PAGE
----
by Jennifer Harman, Editor
JH: Tell us a bit about yourself and your current focus of research
YG: My name is Yongchun Gu, and I am an endodontist in the Department of Stomatology and the Director of Central Laboratory at the Ninth People’s Hospital of Suzhou, Soochow University, Suzhou, China. During the last 20 years, my research mainly focused on root canal variations in different ethnic or regional populations. My team endeavor to find new strategies for better diagnosis and treatment of these anatomic variations. In recent years, my interest has been no longer limited to clinical research. We are currently putting a lot of time and effort into investigating the biological characteristics of dental mesenchymal stem cells.
JH: What do you think is the most fascinating recent development in oral health?
YG: In recent years, tooth regeneration has attracted substantial research attention as it holds great potential for clinical translation. As a result, there has been a significant effort to identify and characterize variable types of dental stem cells and unravel their underlying mechanisms. Such stem cells include those derived from the dental pulp, human exfoliated deciduous teeth, the periodontal ligament and the apical papilla. By combining dental stem cells, growth factors, and scaffolds, functional tooth regeneration is not a dream. First, however, we must overcome numerous obstacles to optimize and enhance the clinical utility of such cells.
JH: Is there an area of oral health that you think is currently under-explored?
YG: The immunomodulatory properties of dental mesenchymal stem cells and their therapeutic mechanisms remain poorly understood. Therefore, a great deal of additional research will be required to develop them for clinical use.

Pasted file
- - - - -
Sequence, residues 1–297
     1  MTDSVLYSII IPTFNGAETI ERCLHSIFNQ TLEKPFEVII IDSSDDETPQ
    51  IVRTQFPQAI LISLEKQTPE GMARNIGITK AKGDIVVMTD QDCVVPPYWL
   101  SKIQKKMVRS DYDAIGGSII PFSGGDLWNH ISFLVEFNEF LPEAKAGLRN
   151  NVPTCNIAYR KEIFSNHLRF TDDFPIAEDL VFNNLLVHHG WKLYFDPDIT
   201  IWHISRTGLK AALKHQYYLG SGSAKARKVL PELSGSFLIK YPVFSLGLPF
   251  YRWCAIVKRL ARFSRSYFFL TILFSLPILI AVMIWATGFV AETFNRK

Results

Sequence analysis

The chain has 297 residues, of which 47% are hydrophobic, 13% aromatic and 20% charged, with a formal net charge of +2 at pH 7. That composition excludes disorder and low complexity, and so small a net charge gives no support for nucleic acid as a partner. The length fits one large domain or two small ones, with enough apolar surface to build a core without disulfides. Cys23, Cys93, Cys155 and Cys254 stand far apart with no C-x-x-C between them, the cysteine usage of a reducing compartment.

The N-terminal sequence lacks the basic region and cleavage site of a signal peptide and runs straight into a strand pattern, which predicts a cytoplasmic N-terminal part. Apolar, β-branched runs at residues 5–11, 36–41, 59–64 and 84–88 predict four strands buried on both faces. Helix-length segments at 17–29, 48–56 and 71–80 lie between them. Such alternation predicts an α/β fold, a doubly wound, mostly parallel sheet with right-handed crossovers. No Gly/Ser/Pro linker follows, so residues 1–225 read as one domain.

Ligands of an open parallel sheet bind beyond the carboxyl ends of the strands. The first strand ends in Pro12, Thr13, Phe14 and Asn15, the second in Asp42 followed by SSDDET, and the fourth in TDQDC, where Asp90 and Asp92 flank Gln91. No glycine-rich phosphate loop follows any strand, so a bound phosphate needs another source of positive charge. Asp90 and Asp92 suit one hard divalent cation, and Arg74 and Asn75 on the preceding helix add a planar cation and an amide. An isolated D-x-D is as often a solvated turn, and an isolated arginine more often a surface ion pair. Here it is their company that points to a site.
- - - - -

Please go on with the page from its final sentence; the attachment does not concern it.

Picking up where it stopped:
JH: Where do you see (or where would you like to see) the oral health field in 10 years from now?
YG: I expect that breakthroughs in medical science or other fields will greatly influence the oral health. I believe that there will be advances in understanding stem cell biology, identifying novel biomaterials, 3-D printing, artificial intelligence, and big data analysis. Researchers will develop more novel dental materials, instruments, and equipment in the next 10 years, which may significantly increase the survival rate of teeth and facilitate improved dental treatment outcomes.
JH: What does it mean to you to be an Editorial Board Member for BMC Oral Health?
YG: Acting as an Editorial Board Member (EBM) for BMC Oral Health has many benefits. Firstly, handling various important and interesting manuscripts through the peer review process allows me to keep updated with the newest research happening in my field before it is published. Acting as an EBM also helps me enhance my knowledge of professional standards and build my reputation in the oral health field. Of course, I also understand that being an EBM also comes with responsibility and obligation. I will continue to offer my help and expertise to the journal to help ensure that authors are given fair, timely, and unbiased decisions.
JH: What is one piece of advice you would give to reviewers as an EBM handling manuscripts?
A reviewer must provide fair, informed, timely, and unbiased reviews.
JH: What is one piece of advice you would give to the authors of submitted manuscripts?
YG: Read the reviewers' reports carefully. Their constructive criticisms and insightful suggestions may be useful to improve the quality of your manuscript.
What would you change in scientific publishing if you could?
YG: Try to improve the quality and efficiency of peer review process.